Friday, October 17, 2003

Throwing Money At the Problem
As political consultants have devised more and more ways to use money to influence election outcomes, it is becoming more common for multi-millionaires or billionaires to try to buy their way into political office. The upside to this is that those candidates often accept no other contributions (unlike Arnold Schwarzenegger as I noted in Tuesday's post), and so aren't beholden to anyone. But the problem is that this creates an unlevel playing field that keeps other qualified candidates from running, or worse yet forces them to cater to big money interests in order to compete with the millionaire candidate.

The common sense solution would simply be to limit the total amount each candidate can spend, whether they raise the money from their own pockets or from others. That way, all candidates would be on a level playing field.

But politicians sometimes don't use common sense. Instead, our U.S. Congress has passed a law that allows candidates to raise six times as much money from the biggest donors when they face a self-financed opponent. This just makes a bad situation worse, and makes it that much harder for any honest candidate to try to compete by raising small contributions from regular folks.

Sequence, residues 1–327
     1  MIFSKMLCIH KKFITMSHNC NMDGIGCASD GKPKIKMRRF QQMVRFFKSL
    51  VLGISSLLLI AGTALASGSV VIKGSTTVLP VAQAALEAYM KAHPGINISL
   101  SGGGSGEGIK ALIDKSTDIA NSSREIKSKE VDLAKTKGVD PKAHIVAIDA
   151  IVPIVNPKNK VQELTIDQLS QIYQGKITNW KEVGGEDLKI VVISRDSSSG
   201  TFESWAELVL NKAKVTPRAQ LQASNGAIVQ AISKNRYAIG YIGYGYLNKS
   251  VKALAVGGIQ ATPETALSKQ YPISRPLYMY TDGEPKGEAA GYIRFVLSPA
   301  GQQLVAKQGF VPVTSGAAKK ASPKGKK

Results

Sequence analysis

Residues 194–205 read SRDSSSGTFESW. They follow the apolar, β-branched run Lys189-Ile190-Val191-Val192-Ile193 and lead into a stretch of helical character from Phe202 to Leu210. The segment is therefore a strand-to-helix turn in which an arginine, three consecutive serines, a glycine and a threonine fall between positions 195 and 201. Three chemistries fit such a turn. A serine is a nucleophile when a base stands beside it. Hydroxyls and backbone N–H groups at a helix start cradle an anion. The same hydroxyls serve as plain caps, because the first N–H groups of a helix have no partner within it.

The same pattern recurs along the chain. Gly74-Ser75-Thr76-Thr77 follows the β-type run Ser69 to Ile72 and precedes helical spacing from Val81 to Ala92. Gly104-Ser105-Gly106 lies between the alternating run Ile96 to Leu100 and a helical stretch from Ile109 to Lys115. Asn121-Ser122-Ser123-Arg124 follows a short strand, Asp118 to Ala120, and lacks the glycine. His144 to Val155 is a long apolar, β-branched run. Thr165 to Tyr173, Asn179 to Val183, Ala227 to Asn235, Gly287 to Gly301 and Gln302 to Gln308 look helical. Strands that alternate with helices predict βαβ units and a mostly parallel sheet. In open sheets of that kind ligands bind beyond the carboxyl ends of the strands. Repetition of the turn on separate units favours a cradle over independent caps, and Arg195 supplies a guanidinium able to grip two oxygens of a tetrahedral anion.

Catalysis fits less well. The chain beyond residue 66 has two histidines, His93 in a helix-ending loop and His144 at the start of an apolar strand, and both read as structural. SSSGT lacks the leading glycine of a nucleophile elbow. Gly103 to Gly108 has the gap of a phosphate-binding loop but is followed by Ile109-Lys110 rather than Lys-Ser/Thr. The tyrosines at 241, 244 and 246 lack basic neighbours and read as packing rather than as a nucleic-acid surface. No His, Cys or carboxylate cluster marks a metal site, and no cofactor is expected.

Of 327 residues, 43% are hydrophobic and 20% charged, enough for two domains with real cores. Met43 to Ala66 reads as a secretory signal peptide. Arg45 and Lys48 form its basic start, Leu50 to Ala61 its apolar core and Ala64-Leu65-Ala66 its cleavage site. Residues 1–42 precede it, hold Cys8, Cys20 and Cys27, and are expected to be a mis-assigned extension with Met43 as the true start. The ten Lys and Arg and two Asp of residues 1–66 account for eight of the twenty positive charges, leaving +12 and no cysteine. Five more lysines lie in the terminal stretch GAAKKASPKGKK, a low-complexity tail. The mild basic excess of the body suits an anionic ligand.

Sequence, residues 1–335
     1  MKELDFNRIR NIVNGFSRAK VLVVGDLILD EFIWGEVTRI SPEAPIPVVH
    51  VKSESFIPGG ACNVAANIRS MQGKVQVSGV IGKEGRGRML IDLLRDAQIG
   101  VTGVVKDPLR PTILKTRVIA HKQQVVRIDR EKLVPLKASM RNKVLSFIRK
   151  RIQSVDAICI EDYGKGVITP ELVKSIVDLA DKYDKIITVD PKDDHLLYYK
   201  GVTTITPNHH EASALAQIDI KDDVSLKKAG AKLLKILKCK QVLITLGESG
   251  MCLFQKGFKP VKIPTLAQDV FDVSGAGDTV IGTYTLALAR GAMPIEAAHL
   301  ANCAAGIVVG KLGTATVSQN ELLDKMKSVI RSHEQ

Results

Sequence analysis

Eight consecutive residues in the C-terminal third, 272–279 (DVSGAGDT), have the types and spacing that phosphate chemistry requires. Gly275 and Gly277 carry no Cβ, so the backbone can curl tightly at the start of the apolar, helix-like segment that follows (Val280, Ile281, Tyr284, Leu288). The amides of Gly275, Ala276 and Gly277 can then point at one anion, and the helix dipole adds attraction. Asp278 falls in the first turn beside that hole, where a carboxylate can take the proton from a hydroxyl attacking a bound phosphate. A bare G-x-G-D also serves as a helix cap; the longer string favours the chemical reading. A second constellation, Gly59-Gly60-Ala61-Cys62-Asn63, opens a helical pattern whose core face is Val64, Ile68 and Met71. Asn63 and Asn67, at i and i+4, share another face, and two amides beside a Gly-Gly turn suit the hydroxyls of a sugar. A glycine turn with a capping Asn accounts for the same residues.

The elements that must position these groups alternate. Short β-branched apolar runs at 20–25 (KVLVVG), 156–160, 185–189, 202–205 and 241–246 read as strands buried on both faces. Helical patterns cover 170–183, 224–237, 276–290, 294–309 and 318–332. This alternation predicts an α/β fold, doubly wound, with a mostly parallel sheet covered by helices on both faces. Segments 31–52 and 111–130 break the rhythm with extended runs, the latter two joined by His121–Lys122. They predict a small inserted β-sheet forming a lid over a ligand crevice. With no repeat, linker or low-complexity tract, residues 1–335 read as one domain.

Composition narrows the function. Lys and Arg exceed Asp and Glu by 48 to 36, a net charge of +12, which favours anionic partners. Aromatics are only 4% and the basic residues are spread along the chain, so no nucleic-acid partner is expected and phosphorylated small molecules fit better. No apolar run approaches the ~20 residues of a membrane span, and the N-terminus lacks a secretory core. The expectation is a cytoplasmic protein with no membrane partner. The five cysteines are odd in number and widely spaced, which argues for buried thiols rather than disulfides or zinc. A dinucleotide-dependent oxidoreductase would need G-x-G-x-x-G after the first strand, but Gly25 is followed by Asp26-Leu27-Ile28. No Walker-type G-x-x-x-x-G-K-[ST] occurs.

A story in today's New York Times highlights how this new law is playing out in Illinois. Perhaps the best line in the story is this:

Most campaign finance laws limit money into the system," said William Baroni, a New Jersey elections lawyer. "This is an odd law because the object is to increase money into the system."

The story incorrectly states that this bizarre provision to increase big money in politics has not been challenged in court. I am actually one of the plaintiffs that has challenged this harebrained scheme. The Supreme Court will be ruling on it shortly, although I wouldn't count on those 9 folks to help the rest of us take our democracy back. For the most part, the Court has taken the side of the fat cats and the politicians in these issues, rather than looking at things from the voters point of view.

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